Feature

Retromania: Pop Culture’s Addiction to Its Own Past by Simon Reynolds

The British critic argues that pop music is losing its cultural edge through too much recycling and rehashing of yesterday's musical styles.

(Faber & Faber, $18)

“Popular culture has become obsessed with the past,” said Nicholas Carr in The New Republic. In his provocative new book, British critic Simon Reynolds argues that pop music in particular isn’t moving forward so much as recycling and rehashing, all the while “nibbling away at the present’s own sense of itself as an era with a distinct identity and feel.” Reunion tours, mashups, sampling, the ease with which one can download any song in recording history—all are draining pop of the “subversive energies” that gave earlier rockers a crucial role in the culture. Clearly, “somebody needs to figure out a new way to smash a guitar.”

Reynolds’s argument may sound at times like “the all-too-typical plaint of an aging fan,” said Michael Azerrad in The Wall Street Journal. Yet his evidence is damning. Though pop “has long cannibalized its own past,” bands such as Mumford & Sons, or Green Day and Oasis before them, have built entire careers on eschewing innovation in favor of mimicking bygone musical styles, like so many Civil War re-enactors. Audiences, with instant access to virtually all recorded music, seem in turn to be growing nostalgic for pasts of more and more recent vintage. New technology, in other words, may be accelerating the move toward musical stasis.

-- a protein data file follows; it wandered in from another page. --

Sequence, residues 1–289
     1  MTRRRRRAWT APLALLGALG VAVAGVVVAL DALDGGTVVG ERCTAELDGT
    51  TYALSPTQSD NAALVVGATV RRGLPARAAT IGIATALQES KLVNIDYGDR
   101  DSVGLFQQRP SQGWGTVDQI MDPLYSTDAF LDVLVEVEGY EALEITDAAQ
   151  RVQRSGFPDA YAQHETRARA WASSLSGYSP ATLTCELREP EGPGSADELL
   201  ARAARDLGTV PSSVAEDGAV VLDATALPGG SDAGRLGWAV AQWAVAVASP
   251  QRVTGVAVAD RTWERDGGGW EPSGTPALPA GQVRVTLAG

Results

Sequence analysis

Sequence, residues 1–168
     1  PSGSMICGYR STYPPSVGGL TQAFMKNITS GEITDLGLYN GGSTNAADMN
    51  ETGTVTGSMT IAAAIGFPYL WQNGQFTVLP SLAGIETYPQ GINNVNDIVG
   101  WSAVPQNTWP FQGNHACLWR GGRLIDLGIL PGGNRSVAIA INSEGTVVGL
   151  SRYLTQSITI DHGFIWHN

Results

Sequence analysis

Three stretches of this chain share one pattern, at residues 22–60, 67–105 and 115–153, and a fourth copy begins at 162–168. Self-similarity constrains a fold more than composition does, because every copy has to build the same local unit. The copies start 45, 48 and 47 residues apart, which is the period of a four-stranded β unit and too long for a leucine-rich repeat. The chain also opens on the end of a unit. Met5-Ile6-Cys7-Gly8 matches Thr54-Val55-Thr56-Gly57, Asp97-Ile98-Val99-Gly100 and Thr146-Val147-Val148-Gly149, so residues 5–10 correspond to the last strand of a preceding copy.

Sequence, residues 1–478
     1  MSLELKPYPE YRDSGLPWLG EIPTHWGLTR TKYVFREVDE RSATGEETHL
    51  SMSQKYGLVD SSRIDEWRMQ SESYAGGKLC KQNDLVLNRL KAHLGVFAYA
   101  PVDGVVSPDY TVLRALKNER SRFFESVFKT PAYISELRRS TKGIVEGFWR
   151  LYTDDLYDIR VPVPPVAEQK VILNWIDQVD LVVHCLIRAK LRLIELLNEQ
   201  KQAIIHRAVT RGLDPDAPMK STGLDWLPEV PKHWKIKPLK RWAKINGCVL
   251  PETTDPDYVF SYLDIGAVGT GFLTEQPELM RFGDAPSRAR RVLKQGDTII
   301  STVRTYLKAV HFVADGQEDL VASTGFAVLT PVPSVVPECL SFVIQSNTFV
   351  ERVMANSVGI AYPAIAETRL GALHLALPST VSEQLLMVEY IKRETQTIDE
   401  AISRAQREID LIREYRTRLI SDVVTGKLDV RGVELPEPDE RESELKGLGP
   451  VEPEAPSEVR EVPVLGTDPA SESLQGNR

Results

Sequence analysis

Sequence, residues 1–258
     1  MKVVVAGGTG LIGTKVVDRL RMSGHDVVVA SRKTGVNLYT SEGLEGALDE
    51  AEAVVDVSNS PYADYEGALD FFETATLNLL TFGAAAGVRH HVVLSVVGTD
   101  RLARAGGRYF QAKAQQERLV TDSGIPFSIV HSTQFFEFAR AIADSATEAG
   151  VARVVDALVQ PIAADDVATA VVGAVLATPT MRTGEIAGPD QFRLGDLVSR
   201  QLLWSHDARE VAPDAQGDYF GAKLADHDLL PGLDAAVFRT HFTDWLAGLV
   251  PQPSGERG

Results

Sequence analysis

“Reynolds rightly worries that nostalgia might be a stealth form of conservatism, reflecting a fear of progress,” said Noel Murray in the Columbia Journalism Review. A “keen writer, with the mind of a critic and the heart of an enthusiast,” he’s produced a book that’s “easy to engage; reading it is like bantering with a smart friend.” Yet his concerns ultimately seem far too alarmist. While he’s not wrong to be concerned about the future of pop music, he may be underestimating contemporary music consumers, who have been known to “salivate over a reissue of The Creation’s 1967 debut album and still be interested in Kanye West’s beautiful dark twisted fantasies.” Who says we can’t have it both ways?

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